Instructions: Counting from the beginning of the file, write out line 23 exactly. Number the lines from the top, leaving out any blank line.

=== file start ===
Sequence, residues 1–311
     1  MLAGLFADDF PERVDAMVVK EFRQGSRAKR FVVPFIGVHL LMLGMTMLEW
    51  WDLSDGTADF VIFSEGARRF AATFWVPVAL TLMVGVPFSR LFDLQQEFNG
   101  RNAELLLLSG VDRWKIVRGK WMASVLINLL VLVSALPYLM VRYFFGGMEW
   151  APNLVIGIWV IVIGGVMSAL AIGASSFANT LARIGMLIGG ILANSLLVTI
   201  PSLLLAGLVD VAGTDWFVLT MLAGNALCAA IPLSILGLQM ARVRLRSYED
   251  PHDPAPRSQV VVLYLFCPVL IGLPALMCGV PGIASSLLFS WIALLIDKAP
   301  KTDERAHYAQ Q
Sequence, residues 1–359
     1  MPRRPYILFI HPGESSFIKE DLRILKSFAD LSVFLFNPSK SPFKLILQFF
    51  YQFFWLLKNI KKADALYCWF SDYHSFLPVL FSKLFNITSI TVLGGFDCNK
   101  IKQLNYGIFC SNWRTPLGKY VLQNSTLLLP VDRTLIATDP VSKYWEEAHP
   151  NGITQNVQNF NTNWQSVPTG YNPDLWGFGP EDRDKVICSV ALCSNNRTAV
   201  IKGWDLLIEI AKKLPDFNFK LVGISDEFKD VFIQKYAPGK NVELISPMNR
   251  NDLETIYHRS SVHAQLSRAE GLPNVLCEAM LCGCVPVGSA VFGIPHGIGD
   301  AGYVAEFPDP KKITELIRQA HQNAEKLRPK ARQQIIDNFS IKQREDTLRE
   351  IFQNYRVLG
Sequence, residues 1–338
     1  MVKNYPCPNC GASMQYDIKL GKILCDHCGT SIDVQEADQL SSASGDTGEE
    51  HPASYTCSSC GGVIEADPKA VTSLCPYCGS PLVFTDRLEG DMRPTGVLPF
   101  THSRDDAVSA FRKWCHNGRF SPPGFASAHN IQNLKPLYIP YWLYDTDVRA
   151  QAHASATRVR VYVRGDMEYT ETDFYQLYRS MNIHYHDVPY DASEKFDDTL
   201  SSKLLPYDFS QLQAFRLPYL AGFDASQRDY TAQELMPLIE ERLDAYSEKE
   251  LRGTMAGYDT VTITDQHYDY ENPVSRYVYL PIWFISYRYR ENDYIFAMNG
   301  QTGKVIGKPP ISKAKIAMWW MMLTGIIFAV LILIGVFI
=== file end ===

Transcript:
   201  SSKLLPYDFS QLQAFRLPYL AGFDASQRDY TAQELMPLIE ERLDAYSEKE